The Birth of Our Most Holy Lady Mother of God and Ever Virgin Mary is celebrated by the Church as a day of universal joy. Within the context of the Old and the New Testaments, on this radiant day was born the Most Blessed Virgin Mary, – having been forechosen through the ages by Divine Providence to bring about the Mystery of the Incarnation of the Word of God, and She is revealed as the Mother of the Saviour of the World, Our Lord Jesus Christ. The Most Holy Virgin Mary was born in the small city of Galilee, Nazareth. Her parents were Righteous Joakim from the tribe of the King and Prophet David, and Anna from the tribe of the First-Priest Aaron. The couple was without child, since Saint Anna was barren. Having reached old age, Joakim and Anna did not lose hope on the mercy of God. They had strong faith that for God everything is possible, and that He would be able to solve the barrenness of Anna – even in her old age, as He had once solved the barrenness of Sarah, spouse of the Patriarch Abraham. Saints Joakim and Anna made a vow to dedicate the child which the Lord might bestow on them, into the service of God in the Temple. Childlessness was considered among the Hebrew nation as a Divine punishment for sin, and therefore the righteous Saints Joakim and Anna had to endure abuse from their own countrymen. On one of the feastdays at the Temple in Jerusalem the elderly Joakim brought his sacrifice in offering to God, but the High Priest would not accept it, – considering him to be unworthy since he was childless. Saint Joakim in deep grief went into the wilderness and there he prayed with tears to the Lord for the granting of a child. Saint Anna, having learned about what had happened at the Jerusalem Temple, wept bitterly; never once did she complain against the Lord, but rather she prayed, asking God's mercy on her family. The Lord fulfilled her petitions when the pious spouses had attained to extreme old age and prepared themselves by virtuous life for a sublime calling – to be the parents of the Most Holy Virgin Mary, the future Mother of the Lord Jesus Christ. The Archangel Gabriel brought Joakim and Anna the joyous message: their prayers were heard by God, and of them would be born a Most Blessed Daughter Mary, through Whom would come the Salvation of all the World. The Most Holy Virgin Mary of Herself in purity and virtue surpassed not only all mankind but also the Angels; – She was manifest as the Living Temple of God, such that the Church sings in its festal verses of song: "the Heavenly Gate, bringing Christ into the world for the salvation of our souls" (2nd Stikhera on "Lord, I have cried", Tone 6).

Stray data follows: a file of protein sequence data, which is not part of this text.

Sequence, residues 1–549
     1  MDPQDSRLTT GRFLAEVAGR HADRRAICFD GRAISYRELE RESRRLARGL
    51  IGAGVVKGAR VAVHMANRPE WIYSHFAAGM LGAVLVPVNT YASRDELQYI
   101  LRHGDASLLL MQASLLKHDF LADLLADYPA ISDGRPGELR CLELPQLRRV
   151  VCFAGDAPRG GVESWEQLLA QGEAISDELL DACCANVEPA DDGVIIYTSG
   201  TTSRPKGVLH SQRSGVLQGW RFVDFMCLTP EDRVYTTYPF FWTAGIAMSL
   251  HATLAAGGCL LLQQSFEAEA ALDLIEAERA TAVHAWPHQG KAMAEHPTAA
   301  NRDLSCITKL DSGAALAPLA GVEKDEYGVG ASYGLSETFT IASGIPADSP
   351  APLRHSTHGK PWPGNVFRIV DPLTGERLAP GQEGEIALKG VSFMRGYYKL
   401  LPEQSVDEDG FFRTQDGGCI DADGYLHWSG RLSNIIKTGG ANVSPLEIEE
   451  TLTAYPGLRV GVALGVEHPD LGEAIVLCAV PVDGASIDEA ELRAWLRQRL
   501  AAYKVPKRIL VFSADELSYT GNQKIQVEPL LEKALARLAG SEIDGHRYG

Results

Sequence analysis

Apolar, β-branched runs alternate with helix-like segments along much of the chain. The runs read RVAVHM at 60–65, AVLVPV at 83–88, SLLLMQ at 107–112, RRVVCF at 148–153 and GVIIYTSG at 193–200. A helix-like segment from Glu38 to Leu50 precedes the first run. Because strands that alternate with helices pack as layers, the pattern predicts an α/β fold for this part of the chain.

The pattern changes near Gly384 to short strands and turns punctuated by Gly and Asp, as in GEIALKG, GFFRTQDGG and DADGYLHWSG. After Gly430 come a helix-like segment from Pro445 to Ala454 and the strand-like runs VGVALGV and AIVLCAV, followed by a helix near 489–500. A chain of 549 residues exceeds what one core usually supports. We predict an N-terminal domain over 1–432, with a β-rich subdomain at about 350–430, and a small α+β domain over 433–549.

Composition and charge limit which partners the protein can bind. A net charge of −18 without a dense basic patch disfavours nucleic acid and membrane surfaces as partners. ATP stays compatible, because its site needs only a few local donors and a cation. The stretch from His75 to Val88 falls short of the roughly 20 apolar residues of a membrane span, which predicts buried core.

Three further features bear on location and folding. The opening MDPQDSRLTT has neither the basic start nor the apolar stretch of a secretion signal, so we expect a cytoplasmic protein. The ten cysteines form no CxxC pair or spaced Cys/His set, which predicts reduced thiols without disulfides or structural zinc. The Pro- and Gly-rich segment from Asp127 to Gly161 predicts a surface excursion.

The Birth of the Mother of God marks the change of the times, wherein the great and comforting promises of God begin to be fulfilled about the salvation of the human race from slavery to the devil. This event has brought nigh to earth the grace of the Kingdom of God, – a Kingdom of Truth, piety, virtue and life immortal. Our Mother FirstBorn of All Creation is revealed to all of us by grace as a merciful Intercessor and Mother, to Whom we steadfastly recourse with filial devotion.

Source: holytrinityorthodox.com

Friday, September 14, 2012

Blessed New Year!

Today, September 1st (Julian calendar), the Orthodox Church has officially recognized as the beginning of the new year since the First Ecumenical Council in the 4th century.

Happy New Year!

The Beginning of the Church's Year - from holytrinityorthodox.com